MOSS LANDING, Calif. — Experts are struggling to restore the U.S. West Coast’s southern sea otters to their historic range. The effort reflects global recognition of the crucial role predators play.
Fur hunting nearly wiped out southern sea otters. Government protections have brought up their numbers to more than 3,000.
But senior research biologist Teri Nicholson at California’s Monterey Bay Aquarium says the otters are stuck. Today they occupy only a quarter of their historic range and haven’t really budged from their 300-mile (480-kilometer) enclave along central California for 20 years.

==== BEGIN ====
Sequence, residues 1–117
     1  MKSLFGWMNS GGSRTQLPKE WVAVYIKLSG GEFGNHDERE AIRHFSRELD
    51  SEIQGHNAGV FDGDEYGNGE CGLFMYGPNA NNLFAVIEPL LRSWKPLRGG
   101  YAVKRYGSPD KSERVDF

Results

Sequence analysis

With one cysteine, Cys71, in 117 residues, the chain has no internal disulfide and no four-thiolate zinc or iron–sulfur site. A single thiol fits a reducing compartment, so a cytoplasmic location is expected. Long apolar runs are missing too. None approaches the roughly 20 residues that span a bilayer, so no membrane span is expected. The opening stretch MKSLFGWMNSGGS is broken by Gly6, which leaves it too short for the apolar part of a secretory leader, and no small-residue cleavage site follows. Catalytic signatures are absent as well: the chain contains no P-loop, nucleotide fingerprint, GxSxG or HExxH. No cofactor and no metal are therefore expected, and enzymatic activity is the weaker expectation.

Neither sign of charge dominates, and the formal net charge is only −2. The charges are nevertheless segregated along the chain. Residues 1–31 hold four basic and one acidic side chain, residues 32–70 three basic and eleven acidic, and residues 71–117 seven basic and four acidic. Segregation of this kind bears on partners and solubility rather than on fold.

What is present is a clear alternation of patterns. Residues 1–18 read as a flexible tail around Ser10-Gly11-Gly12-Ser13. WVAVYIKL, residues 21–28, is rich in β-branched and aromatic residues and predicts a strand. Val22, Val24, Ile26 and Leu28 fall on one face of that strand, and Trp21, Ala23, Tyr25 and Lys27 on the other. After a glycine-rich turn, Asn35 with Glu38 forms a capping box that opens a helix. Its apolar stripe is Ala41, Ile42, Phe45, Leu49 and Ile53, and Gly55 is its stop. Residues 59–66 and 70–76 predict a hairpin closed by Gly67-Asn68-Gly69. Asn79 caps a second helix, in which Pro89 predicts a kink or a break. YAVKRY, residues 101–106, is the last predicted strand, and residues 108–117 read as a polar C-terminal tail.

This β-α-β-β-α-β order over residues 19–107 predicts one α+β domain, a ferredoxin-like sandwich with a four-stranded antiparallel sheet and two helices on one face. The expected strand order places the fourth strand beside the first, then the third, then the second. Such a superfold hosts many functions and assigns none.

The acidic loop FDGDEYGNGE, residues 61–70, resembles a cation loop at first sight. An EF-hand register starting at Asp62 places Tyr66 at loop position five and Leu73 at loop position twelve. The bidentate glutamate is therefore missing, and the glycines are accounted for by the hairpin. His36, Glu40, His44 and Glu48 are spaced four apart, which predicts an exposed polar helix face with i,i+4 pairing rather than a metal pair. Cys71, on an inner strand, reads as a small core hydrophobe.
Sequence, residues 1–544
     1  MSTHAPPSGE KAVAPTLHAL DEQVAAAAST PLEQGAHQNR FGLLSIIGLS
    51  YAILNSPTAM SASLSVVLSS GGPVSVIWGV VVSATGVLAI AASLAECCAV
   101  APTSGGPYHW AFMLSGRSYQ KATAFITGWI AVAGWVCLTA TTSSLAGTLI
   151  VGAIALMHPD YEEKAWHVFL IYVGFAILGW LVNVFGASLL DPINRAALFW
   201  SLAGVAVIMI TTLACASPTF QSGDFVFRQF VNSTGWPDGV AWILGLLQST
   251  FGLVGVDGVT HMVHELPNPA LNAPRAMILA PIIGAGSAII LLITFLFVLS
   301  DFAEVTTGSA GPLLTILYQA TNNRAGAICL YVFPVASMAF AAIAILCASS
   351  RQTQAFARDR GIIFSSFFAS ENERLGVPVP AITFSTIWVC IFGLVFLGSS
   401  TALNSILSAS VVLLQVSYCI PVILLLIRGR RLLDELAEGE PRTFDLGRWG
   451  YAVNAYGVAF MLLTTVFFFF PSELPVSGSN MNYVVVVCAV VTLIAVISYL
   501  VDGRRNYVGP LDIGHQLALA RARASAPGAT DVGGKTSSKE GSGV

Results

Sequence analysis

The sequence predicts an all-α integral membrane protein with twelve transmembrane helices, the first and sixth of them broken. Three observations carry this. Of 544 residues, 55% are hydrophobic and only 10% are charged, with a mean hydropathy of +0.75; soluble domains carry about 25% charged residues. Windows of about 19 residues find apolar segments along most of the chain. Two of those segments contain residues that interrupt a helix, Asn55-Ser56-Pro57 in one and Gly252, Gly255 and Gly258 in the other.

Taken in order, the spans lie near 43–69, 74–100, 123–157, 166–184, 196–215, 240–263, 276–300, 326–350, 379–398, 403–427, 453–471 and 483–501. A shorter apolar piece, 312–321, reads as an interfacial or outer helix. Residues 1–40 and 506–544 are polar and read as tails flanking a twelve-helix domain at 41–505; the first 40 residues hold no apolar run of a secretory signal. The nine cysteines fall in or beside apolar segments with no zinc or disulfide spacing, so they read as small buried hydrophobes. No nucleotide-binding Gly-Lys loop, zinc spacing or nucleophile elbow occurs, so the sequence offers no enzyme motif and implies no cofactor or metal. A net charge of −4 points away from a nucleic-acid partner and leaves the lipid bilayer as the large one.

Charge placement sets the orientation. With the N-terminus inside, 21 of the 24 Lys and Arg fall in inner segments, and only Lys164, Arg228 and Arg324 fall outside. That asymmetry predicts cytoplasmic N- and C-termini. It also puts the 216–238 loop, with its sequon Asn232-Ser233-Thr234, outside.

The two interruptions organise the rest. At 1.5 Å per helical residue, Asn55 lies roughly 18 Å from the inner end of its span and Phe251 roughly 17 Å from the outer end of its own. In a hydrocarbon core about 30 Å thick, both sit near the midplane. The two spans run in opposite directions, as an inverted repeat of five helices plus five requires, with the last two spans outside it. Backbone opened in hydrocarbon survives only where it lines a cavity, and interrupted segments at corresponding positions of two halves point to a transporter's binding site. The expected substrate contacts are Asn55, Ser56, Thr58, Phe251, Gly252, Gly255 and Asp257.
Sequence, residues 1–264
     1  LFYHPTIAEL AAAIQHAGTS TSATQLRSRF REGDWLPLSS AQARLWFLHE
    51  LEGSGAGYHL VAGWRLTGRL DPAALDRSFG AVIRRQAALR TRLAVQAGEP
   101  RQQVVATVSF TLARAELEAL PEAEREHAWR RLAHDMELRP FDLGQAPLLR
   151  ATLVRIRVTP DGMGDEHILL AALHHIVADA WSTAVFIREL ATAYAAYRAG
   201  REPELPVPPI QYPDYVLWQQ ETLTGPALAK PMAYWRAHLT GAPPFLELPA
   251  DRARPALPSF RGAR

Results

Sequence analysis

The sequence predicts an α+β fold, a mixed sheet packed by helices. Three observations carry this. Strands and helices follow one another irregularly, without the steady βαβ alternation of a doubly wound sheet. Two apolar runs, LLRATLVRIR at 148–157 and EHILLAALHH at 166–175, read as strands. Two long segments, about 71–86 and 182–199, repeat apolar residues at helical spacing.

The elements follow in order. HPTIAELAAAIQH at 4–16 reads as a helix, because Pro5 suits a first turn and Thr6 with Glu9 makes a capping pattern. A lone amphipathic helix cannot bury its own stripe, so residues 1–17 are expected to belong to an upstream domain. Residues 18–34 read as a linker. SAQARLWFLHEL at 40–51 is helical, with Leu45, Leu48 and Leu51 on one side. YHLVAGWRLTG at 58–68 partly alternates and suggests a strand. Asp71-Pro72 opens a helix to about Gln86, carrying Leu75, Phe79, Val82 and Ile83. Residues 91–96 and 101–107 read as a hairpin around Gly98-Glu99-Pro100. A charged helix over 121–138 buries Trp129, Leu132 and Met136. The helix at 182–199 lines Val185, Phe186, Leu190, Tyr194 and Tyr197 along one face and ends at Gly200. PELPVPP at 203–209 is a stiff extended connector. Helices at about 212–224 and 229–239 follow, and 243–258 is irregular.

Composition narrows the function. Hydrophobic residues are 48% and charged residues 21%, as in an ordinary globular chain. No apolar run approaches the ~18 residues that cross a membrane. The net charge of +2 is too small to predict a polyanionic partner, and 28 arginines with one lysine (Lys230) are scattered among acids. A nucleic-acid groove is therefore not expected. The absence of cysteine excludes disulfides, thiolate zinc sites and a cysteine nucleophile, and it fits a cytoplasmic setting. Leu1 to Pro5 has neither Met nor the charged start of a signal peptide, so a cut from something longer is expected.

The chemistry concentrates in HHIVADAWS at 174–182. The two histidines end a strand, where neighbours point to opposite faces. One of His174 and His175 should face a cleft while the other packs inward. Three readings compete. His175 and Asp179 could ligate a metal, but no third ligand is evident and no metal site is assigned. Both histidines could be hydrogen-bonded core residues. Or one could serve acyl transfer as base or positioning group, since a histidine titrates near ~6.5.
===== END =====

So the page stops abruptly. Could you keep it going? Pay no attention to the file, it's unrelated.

Without key predators to keep them in check, voracious purple sea urchins have gobbled up more than 90 percent of the kelp forests along Northern California. Commercial divers are hand-picking the urchin from surviving kelp, which provide crucial cover to otters and others.
By ELLEN KNICKMEYER,By Associated Press – published on STL.News by St. Louis Media, LLC (A.S)